Mapplethorpe was very much influenced by 19th-century portraiture by photographers like Julia Cameron and Gaspard-Félix Tournachon (known as Nadar). Julia Margaret Cameron (née Pattle) was a British photographer who became known for her portraits of celebrities of the time, and for photographs with Arthurian and other legendary or heroic themes. Another strong influence on Mapplethorpe was Edward Henry Weston. Over the course of his 40-year career, Weston photographed still lifes, nudes, portraits, and genre scenes.
The 1986 solo exhibition Black Males and the subsequent book The Black Book sparked controversy over Mapplethorpe’s depiction of black men as sexual subjects. The work was largely phallocentric and sculptural, focusing on segments of the subject’s bodies. Mapplethorpe said his intention was the pursuit of the “Platonic Ideal”, but the images (potent and erotic depictions of Black men) were widely criticized for being exploitative, with their subjects extremely fetishized. Ken Moody was perhaps Mapplethorpe’s most photographed male model. A graduate of the Fashion Institute of Technology and a professional fitness instructor, he said he was not “ghetto enough” for Mapplethorpe.
We didn’t necessarily like each other. I don’t think that he liked me, nor did I like him. We had nothing in common. Nothing. And I was always suspicious of people who were driven by sex. Robert fetishized Black men. He objectified them. I knew what his tastes were, and I also knew that I was not that.
Ted Stansfield, Another Man magazine, 27 Oct, 2017.
Alan Lynes was a dancer with the Peter Reed Ballet Company. Tate London and National Galleries Scotland jointly own this image, and describe it as looking like a dancing satyr, wondering if this man may be using rope for bondage or dancing. The references to ancient Greek mythology are obvious here—Mapplethorpe had a keen interest in classical art, which influenced many of his nudes. He also collected ceramics, and this image mirrors the figures, curves, and arabesques of a classical vase.
Mapplethorpe was obsessed with sculptural images. Sculpture is key to his work and his interest was always in 3-dimensional forms. He greatly admired the work of Michelangelo. Lisa Lyon was the world’s first female bodybuilder. She became something of a muse to Mapplethorpe, who took over 100 photos of her. The body here is less about nudity and more about a Renaissance ideal of perfect beauty, and Lisa Lyon is an ideal of the masculine and feminine combined. Mapplethorpe would sometimes cover her body with graphite to increase its luminosity.
If I had been born one or two hundred years ago, I might have been a sculptor, but photography is a very quick way to see, to make sculpture.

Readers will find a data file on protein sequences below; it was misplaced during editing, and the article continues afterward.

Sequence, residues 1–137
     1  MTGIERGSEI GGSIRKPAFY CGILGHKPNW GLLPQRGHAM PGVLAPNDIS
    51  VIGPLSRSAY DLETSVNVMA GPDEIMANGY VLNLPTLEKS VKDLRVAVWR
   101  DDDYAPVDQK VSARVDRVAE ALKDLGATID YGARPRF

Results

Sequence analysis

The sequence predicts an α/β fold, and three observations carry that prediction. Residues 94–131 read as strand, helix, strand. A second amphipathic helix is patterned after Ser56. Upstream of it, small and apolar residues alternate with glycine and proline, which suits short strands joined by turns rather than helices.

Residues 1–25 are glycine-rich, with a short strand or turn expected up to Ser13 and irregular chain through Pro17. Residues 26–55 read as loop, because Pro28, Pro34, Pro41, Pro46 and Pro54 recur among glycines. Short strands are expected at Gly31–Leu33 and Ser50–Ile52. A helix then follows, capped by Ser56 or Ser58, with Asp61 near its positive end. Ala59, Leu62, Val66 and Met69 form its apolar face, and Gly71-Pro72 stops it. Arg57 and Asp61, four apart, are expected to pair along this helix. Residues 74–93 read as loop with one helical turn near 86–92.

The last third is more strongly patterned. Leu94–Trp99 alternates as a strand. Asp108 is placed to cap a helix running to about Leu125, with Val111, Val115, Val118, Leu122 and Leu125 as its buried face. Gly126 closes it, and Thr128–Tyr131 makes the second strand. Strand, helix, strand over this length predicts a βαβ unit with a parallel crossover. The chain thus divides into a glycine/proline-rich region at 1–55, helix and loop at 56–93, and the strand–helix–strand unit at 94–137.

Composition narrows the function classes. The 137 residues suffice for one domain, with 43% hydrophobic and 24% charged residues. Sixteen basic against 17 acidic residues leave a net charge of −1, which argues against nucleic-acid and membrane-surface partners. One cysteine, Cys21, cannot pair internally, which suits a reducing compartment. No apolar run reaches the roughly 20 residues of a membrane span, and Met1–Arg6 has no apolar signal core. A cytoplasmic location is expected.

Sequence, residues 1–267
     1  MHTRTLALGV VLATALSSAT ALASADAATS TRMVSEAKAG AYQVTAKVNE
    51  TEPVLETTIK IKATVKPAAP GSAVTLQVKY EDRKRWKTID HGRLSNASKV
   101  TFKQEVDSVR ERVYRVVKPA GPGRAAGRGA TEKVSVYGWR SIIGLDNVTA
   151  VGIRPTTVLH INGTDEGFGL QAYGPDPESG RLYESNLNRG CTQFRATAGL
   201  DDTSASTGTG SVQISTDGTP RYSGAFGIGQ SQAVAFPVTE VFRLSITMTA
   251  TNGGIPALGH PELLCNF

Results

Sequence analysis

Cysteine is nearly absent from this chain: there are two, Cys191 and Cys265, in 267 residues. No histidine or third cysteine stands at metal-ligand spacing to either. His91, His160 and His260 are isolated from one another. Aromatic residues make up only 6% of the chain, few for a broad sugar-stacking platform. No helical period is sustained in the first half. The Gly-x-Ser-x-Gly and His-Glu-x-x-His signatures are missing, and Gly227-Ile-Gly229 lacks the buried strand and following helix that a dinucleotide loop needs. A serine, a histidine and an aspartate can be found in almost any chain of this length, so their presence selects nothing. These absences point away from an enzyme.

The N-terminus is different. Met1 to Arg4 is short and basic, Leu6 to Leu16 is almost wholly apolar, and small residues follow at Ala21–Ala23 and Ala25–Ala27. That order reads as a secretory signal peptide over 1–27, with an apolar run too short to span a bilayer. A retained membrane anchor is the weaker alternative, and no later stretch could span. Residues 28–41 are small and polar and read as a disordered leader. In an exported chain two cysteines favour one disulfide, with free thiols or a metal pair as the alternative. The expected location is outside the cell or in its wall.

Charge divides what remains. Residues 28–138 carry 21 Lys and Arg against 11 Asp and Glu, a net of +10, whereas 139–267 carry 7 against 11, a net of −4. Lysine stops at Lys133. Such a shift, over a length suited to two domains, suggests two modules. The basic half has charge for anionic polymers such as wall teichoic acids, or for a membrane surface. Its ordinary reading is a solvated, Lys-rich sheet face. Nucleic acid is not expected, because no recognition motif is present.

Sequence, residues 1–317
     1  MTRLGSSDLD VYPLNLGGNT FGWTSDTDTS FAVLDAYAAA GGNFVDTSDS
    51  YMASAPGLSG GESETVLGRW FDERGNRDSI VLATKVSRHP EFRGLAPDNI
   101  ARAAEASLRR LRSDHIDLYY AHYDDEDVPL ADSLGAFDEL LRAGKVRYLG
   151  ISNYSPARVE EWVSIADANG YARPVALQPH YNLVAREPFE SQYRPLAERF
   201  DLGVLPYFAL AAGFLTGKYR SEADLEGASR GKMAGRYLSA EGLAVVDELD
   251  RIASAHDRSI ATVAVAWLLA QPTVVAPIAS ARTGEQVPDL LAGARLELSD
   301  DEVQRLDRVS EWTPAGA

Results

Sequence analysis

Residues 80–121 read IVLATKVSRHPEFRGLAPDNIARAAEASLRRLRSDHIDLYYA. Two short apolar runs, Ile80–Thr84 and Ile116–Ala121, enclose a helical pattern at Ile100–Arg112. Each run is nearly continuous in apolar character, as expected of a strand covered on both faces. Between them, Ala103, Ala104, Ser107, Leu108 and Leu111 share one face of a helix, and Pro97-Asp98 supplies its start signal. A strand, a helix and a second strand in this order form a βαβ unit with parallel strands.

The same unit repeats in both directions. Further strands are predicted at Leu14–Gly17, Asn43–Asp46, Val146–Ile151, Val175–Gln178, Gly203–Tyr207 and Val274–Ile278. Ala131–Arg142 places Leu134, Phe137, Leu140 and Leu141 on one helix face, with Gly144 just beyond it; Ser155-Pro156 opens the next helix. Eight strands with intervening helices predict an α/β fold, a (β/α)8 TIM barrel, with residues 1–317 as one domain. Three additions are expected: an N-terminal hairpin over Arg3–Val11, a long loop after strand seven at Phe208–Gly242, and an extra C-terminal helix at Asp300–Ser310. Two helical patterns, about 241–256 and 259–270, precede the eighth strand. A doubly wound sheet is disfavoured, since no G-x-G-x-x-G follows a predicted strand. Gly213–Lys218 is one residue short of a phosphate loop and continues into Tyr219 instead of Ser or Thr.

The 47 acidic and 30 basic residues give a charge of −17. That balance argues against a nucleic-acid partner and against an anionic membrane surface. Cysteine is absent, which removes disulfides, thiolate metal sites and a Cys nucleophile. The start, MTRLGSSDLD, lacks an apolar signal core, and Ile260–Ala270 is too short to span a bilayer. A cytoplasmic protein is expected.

Robert Mapplethorpe: the Perfect Moment exhibition catalogue, Janet Kardon, Robert Mapplethorpe, David Joselit, Kay Larson, University of Pennsylvania. Institute of Contemporary Art, 1989.
Mapplethorpe was an active member of the New York gay scene and in particular, the S&M scene. In the summer of 1989, the traveling exhibition Robert Mapplethorpe: The Perfect Moment brought national attention and notoriety. The issue of public funding for the arts, as well as questions of censorship and obscenity, were hot topics. The Corcoran Gallery of Art in Washington, USA became worried about an exhibition that contained homoerotic and sadomasochistic images. Conservative and religious organizations, such as the American Family Association, seized on this exhibition to vocally oppose government support for what they called “obscene material”.
I went into photography because it seemed like the perfect vehicle for commenting on the madness of today’s existence.
Mapplethorpe exhibition, Germano Celant, Hayward Gallery, 1996.
The 1980s saw the often fatal HIV virus tear through communities across the world. Mapplethorpe himself said, “This AIDS stuff is scary, I hope I don’t get it.” Could it be said that Mapplethorpe was part of a long line of artists who morph into their work so much so that it kills them, such as Caravaggio and Van Gogh? Mapplethorpe died in 1989 of an HIV/AIDS-related illness. He was just 42. He left behind the Robert Mapplethorpe Foundation which continues to raise funds to promote photography and fund HIV/AIDS research to this day.
Guest Author’s bio:
Ian Munday – since his retirement to Wales, Ian has been studying art history and creative writing. He gives guided garden tours at Powis Castle in Welshpool and also assists at the Museum of Modern Art (MOMA) in Machynlleth.
Here you can read Ian’s article about the Sistine Chapel and Michelangelo.